Federal Reserve Bank of Dallas President Robert Kaplan said bitcoin is a “store of value” that’s not yet ready for wider adoption as a medium of exchange.
Kaplan, a former Goldman Sachs executive and Harvard Business School professor, made the remarks Friday at a bitcoin conference hosted by Texas A&M University’s Mays Business School. He served on the Federal Reserve’s monetary-policy committee, the Federal Open Market Committee, before rotating off at the end of 2020.
“Right now it’s clear it’s a store of value,” Kaplan said of the largest cryptocurrency. “It obviously moves a lot in value, which could keep it from spreading too far as a medium of exchange and wide adoption, but that can change.”
Lately, that movement has been up, in dollar terms. The price of bitcoin (BTC) has increased eightfold over the past year, to about $61,400 as of press time, for a market capitalization of about $1.1 trillion.
A growing number of big investors, including legendary hedge fund managers Paul Tudor Jones and Stanley Druckenmiller, have said bitcoin might serve as an effective hedge against inflation in the face of trillions of dollars of coronavirus-related monetary stimulus by the Federal Reserve.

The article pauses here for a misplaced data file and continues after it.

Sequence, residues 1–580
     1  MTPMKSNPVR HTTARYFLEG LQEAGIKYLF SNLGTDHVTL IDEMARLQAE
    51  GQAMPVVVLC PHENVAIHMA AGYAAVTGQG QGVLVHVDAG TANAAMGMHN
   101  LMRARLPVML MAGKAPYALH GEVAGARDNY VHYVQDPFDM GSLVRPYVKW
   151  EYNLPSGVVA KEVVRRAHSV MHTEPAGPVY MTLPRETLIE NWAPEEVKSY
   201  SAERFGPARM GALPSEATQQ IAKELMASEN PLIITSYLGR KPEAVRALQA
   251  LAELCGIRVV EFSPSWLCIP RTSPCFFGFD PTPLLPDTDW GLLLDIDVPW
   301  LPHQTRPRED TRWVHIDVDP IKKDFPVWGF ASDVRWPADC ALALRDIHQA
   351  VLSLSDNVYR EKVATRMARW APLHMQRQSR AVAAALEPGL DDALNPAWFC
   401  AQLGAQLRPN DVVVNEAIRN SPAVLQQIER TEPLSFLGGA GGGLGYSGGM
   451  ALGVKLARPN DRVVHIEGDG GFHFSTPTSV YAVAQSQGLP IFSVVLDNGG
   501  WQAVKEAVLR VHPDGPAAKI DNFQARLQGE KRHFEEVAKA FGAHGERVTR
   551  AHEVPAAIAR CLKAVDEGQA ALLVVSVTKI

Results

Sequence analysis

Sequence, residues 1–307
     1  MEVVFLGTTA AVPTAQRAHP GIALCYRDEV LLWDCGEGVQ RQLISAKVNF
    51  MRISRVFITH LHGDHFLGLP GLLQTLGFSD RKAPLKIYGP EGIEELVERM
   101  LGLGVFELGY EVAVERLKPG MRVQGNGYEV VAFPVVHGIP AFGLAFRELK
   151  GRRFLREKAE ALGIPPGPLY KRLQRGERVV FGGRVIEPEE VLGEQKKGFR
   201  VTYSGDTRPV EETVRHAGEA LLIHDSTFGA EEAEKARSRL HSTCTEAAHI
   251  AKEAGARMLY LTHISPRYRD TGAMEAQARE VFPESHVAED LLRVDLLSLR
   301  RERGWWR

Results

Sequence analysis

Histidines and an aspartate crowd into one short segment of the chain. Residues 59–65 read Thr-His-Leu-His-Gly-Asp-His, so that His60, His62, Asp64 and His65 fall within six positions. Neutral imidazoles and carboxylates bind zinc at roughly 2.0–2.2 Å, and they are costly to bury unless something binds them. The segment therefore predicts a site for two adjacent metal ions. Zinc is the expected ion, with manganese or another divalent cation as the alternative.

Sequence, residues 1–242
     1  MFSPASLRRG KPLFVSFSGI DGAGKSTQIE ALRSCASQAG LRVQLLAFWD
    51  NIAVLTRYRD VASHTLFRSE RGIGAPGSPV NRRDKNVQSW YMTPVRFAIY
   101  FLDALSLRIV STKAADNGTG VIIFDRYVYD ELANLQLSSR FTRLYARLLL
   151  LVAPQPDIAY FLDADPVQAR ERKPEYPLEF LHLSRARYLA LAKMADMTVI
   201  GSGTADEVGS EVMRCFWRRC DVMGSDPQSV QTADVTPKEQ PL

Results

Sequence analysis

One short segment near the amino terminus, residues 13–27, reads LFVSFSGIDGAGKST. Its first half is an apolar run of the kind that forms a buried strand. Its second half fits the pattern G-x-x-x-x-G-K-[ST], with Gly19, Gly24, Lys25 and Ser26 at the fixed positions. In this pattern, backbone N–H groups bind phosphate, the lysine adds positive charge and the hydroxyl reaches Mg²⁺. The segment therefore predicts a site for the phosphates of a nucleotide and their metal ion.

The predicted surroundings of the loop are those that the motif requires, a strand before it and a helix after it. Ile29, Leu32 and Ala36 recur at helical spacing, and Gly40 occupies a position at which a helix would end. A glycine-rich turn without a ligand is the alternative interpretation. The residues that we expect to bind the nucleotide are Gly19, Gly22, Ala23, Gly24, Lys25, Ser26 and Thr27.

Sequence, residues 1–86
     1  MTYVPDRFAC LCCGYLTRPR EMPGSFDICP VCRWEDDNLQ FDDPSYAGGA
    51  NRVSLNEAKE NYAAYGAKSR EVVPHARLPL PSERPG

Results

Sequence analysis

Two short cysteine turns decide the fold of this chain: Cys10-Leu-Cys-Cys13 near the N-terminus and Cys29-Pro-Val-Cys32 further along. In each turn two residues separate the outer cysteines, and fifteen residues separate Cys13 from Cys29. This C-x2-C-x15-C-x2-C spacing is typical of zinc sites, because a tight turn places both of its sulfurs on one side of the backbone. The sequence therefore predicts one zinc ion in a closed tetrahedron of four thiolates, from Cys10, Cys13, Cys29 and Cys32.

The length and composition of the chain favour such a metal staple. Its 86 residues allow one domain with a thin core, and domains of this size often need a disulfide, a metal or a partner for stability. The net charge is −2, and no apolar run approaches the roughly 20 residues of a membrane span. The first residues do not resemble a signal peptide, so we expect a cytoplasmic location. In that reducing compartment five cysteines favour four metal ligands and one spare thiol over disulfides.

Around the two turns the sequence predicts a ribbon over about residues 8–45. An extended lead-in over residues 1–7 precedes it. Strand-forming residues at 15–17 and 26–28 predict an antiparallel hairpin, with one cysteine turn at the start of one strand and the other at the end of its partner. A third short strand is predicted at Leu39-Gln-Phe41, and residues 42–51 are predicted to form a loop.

An alternative perspective would be that the U.S. dollar has lost nearly 90% of its value, when expressed in bitcoin terms.
“This is an innovation, and it’s not just bitcoin but the technology like blockchain and other technologies that go along with it,” Kaplan.
The U.S. economy is “not out of the woods yet,” he said, adding that signs of inflation this year are due to supply and demand imbalances.
“The question is, will this be a one-time price adjustment or is it going to be persistent?” Kaplan said. “The jury is still out on that. Structural forces such as tech-enabled disruptions and aging limit pricing power.”
When asked about China’s plans to launch a central bank digital currency (CBDC), Kaplan said that “the China experiment is tied to the value of the underlying currency. In some cases, you could argue it’s a way to monitor flows.”
A “digital dollar will likely be tied to the value of the underlying currency,” Kaplan said. “It’s a different subject than bitcoin, a store of value that is not tied to an underlying currency.”